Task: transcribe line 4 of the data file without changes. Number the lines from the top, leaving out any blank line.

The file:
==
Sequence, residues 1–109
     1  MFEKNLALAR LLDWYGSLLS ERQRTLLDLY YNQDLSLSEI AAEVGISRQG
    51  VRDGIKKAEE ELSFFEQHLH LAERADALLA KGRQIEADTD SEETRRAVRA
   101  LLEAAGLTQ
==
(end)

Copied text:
   101  LLEAAGLTQ